How to Take Care of Your Hands

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By JOEL TOLEDANO

If you lift weights or do a lot of pullups, your hands are going to rip at some point. This not only hurts (the initial hot shower has brought many a tough athlete to tears), but more importantly it limits your ability to train while you heal.

How do you maintain your hands in order to avoid rips and continue training? And why should you care – it is just a simple blister on your hand, right?

“While calluses are a layer of protection and a testament to hard work, excessive calluses can be troublesome and lead to injury.”
Think again. Gymnasts and rock climbers deal with this issue all the time, and treat skin injuries very seriously. Spend a few minutes reading about MRSA, a super bug that is more dangerous and tougher to treat than staph infections, and you will not look at that blood-stained pullup bar quite the same again.

Let’s take a dive into some practical methods related to hand pre-hab — yes, you really can prevent hand rips and tears if you are conscientious enough.

How to take care of your hands before trouble strikes

There are two qualities that make your hands susceptible to ripping – you either have soft hands with little or no callus build-up, or too much callus build-up that makes bumps or ridges on the surface of your hands. You need the happy medium – deep but smooth and supple calluses that protect the hands but remain intact when working.

To protect your hands, avoid the “white glove approach” to chalk that people sometimes use, especially if they are nervous and think they need extra grip before a workout with a lot of pullups or similar exercises. CrossFit Nor’Easter sums it up well:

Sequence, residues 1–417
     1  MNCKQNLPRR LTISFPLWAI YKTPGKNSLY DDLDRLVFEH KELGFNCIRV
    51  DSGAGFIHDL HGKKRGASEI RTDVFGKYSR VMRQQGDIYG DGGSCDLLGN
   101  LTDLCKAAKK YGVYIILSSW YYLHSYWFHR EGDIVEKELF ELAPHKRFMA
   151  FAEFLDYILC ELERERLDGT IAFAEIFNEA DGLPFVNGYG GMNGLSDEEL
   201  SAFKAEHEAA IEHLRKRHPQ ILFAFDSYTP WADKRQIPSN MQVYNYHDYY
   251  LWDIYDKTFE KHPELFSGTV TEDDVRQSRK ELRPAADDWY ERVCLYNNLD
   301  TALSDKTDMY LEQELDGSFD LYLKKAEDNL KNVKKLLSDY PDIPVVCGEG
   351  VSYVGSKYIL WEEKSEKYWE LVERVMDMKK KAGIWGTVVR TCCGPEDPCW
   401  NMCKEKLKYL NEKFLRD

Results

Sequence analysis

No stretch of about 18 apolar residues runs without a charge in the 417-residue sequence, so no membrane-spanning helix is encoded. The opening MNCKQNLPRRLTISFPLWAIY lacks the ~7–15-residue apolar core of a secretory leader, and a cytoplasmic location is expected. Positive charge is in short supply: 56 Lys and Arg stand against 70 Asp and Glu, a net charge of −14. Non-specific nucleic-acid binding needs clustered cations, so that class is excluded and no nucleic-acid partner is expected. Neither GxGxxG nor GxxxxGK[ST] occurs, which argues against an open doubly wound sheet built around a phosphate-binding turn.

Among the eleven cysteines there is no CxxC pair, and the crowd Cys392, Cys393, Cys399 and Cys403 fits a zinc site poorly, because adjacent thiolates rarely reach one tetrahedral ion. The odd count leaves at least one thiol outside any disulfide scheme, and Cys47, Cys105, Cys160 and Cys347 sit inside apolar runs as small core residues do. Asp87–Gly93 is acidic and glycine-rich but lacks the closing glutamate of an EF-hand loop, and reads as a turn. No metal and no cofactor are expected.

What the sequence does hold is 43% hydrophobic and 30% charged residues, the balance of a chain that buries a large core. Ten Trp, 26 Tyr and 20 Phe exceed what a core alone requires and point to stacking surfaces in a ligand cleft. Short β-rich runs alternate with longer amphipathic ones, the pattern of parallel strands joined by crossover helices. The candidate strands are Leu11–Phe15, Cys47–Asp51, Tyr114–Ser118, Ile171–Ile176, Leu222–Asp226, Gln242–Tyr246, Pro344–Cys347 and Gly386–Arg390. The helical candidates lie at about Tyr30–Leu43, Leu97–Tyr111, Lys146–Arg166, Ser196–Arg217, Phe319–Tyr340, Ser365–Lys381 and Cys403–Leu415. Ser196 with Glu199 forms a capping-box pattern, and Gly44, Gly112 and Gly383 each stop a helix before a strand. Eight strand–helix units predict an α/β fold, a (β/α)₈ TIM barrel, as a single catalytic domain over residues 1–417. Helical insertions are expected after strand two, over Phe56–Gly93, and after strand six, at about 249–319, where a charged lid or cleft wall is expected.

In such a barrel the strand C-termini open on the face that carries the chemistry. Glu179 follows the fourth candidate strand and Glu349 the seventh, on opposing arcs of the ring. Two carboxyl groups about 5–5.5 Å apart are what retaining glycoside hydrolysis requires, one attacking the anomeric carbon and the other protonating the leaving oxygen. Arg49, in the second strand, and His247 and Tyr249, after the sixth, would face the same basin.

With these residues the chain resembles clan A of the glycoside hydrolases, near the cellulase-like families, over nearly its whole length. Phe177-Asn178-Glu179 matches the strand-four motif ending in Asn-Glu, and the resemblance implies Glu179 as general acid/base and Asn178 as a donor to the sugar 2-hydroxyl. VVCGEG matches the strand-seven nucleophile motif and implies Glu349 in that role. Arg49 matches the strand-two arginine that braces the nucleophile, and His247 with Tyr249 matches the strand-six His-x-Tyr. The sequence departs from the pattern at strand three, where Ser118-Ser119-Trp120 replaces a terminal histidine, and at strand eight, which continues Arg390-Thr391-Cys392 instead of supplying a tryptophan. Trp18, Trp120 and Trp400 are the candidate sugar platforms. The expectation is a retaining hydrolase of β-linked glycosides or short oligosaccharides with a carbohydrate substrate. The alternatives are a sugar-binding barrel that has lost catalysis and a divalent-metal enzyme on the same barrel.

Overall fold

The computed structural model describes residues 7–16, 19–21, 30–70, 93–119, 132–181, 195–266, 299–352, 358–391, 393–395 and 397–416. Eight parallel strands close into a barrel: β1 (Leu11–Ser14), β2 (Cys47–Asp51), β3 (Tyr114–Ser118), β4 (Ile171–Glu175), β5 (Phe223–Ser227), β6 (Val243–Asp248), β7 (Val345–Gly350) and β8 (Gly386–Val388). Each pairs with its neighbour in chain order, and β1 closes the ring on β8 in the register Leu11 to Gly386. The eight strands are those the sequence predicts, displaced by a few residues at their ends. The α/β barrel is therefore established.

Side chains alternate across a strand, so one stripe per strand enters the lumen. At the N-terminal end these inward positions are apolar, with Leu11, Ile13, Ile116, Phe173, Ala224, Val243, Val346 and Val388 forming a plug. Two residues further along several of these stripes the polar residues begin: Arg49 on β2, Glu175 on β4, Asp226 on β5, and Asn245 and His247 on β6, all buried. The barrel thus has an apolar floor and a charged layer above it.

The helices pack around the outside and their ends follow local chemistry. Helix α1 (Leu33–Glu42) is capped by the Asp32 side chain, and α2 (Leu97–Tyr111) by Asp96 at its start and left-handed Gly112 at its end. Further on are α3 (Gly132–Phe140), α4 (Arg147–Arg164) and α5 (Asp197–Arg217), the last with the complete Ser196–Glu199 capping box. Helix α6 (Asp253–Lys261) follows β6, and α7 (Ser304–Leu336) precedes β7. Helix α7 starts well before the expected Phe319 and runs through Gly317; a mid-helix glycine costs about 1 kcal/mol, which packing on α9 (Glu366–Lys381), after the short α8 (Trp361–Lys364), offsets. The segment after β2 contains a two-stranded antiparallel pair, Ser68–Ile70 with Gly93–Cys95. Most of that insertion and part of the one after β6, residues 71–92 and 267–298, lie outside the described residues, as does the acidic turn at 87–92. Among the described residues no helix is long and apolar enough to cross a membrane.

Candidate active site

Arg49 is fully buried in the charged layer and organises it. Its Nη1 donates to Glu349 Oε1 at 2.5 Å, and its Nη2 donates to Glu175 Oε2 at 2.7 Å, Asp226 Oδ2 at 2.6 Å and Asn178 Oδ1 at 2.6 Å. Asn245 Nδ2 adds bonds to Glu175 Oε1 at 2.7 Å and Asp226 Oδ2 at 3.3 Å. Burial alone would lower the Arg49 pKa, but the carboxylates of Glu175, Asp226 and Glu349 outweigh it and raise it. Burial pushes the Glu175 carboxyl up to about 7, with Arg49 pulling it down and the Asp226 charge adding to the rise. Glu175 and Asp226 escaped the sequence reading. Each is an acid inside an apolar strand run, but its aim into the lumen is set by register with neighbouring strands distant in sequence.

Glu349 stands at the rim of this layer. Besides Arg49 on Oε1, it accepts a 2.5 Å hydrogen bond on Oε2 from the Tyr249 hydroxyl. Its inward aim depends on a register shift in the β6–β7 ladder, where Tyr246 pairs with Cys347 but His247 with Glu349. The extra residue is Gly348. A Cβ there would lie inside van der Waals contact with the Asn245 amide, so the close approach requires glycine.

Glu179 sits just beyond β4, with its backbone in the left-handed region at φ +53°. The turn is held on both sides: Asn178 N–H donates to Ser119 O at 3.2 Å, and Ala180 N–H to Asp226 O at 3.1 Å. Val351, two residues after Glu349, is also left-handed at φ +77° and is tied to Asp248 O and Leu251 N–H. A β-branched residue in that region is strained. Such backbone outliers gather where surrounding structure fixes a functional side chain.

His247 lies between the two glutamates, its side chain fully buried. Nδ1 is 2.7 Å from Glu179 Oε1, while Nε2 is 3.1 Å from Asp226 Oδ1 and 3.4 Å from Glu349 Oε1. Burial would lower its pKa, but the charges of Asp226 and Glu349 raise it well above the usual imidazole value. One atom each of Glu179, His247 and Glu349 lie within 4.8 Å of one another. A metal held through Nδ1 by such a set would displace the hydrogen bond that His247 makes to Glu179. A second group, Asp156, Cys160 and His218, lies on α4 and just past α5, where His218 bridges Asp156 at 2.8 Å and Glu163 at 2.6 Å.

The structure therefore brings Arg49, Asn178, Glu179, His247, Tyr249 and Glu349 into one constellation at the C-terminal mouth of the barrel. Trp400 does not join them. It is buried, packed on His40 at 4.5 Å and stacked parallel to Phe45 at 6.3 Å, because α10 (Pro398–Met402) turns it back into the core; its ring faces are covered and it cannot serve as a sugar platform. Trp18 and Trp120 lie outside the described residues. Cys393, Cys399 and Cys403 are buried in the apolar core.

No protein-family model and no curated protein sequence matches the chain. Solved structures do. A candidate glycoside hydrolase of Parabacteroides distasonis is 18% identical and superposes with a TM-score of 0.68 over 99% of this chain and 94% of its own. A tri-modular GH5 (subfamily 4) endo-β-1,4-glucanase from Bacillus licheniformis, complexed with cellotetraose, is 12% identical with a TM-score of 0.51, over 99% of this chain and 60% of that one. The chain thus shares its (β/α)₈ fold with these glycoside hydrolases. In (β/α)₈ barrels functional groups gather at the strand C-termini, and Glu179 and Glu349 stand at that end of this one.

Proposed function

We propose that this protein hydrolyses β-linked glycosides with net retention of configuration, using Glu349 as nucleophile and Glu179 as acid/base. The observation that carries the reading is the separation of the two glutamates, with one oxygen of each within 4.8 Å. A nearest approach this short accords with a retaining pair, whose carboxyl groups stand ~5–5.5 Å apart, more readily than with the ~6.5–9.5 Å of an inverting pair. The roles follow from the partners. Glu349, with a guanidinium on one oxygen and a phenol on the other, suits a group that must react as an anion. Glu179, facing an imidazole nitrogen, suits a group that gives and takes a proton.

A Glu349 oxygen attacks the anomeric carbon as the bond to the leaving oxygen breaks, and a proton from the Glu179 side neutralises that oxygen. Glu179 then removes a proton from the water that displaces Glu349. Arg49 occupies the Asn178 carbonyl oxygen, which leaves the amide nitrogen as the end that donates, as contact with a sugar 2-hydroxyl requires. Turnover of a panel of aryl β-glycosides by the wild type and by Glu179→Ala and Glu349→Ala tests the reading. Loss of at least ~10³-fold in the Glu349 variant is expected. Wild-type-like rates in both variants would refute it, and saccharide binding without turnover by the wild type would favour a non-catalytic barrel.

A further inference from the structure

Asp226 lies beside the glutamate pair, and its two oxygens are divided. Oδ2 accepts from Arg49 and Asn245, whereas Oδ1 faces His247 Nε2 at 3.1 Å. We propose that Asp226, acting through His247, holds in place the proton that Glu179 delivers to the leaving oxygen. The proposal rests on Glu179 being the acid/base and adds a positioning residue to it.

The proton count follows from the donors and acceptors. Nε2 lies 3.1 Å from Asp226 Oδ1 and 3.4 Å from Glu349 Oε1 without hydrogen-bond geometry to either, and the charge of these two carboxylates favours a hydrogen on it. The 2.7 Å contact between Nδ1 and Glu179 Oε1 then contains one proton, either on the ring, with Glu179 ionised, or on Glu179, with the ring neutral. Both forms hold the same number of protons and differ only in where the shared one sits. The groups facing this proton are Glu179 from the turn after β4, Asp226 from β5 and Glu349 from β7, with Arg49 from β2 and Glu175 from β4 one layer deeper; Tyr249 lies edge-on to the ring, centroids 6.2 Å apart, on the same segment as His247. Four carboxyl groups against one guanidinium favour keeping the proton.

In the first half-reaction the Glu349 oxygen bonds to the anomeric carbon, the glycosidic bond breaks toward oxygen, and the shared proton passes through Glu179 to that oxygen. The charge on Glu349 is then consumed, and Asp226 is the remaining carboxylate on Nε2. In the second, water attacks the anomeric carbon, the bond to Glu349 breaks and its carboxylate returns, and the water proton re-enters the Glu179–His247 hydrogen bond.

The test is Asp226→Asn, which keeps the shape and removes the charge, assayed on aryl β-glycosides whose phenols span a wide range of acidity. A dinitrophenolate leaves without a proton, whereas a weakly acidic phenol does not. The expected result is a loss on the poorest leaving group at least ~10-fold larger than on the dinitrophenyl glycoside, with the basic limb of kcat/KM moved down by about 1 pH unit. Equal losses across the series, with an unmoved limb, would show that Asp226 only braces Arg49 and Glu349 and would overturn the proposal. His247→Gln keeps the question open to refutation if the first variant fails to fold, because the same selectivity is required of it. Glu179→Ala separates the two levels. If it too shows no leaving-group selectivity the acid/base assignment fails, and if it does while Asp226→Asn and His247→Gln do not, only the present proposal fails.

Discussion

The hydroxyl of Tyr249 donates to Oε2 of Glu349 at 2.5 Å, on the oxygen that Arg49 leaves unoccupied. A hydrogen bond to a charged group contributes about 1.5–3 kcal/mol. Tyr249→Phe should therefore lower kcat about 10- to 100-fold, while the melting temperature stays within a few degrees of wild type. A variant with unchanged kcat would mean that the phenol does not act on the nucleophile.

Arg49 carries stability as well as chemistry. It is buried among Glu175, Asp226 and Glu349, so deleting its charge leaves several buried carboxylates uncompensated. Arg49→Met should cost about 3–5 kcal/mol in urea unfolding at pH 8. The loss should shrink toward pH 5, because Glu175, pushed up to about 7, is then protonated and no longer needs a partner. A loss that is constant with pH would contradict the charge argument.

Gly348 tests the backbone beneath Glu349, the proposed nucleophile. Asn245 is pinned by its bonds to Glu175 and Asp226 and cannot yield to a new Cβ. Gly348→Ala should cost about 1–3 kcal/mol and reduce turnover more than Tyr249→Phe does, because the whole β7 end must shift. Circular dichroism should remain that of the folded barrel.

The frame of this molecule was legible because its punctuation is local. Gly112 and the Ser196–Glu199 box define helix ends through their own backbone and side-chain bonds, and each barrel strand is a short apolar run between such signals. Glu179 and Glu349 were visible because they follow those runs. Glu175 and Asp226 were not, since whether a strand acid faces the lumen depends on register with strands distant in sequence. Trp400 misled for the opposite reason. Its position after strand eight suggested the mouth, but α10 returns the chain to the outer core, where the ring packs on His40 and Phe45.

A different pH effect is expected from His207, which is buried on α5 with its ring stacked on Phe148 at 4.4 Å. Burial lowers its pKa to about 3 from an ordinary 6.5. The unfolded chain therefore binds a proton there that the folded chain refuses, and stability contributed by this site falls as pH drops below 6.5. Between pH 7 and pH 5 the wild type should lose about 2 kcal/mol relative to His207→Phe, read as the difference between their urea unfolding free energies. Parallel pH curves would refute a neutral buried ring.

Use some chalk. Just enough to prevent slippage though! Don’t go overboard. Why? Slippage causes friction, and friction causes calluses and tears. Plus soggy sweaty skin tears easier.

Calluses

What are calluses?
CrossFit Virtuosity clearly defines them:

Calluses are areas of thickened skin caused by repeated friction and pressure. They form to protect the skin and the structures beneath it from injury or damage. While calluses are a layer of protection and a testament to hard work, excessive calluses can be troublesome and lead to injury. For example, when doing high repetitions of pullups the excess skin can grind between the bar and the hand and eventually tear away. So it is in our best interest to keep our calluses smooth and shaved down to avoid further complications.

Do everything you can to keep calluses to a minimum. They are essentially unstable layers of dead skin that will adhere to the underlying “healthy layers” and create a large opening in the skin when they do tear. If you are really consistent with your moisturizing, calluses will present less of an issue, as the skin will naturally slough more effectively rather than building up heavy, rough, layers of dead skin.

Consider using a pumice stone to keep calluses in check using these techniques from Gymnaworld:

Prevent excess callous from building up by rubbing the affected areas with a pumice stone. To find the areas of excess callous, soak the hands in water for about 10 minutes and you will be able to notice areas on the palm that retain a whitish color while the rest of the skin stays pink. Use the pumice stone only as necessary. Excessive use will cause the hands to be constantly sore during workouts.

The second item you may want to consider using is a callus shaver. This tool is a little more heavy duty and is good for especially tough skin – invest in one if you have serious calluses or are the type that only takes care of your hands when things get really bad.

For some alternative methods to take care of calluses, check out this video from CrossFit Los Angeles. Some parts might be a bit overboard (a Dremel rotary sander?) but it provides good instruction on areas of hand maintenance such as how to use scissors to keep calluses manageable.

For an even more “alternative” take on hand maintenance, take a look at how to use a butter knife to keep calluses in check:


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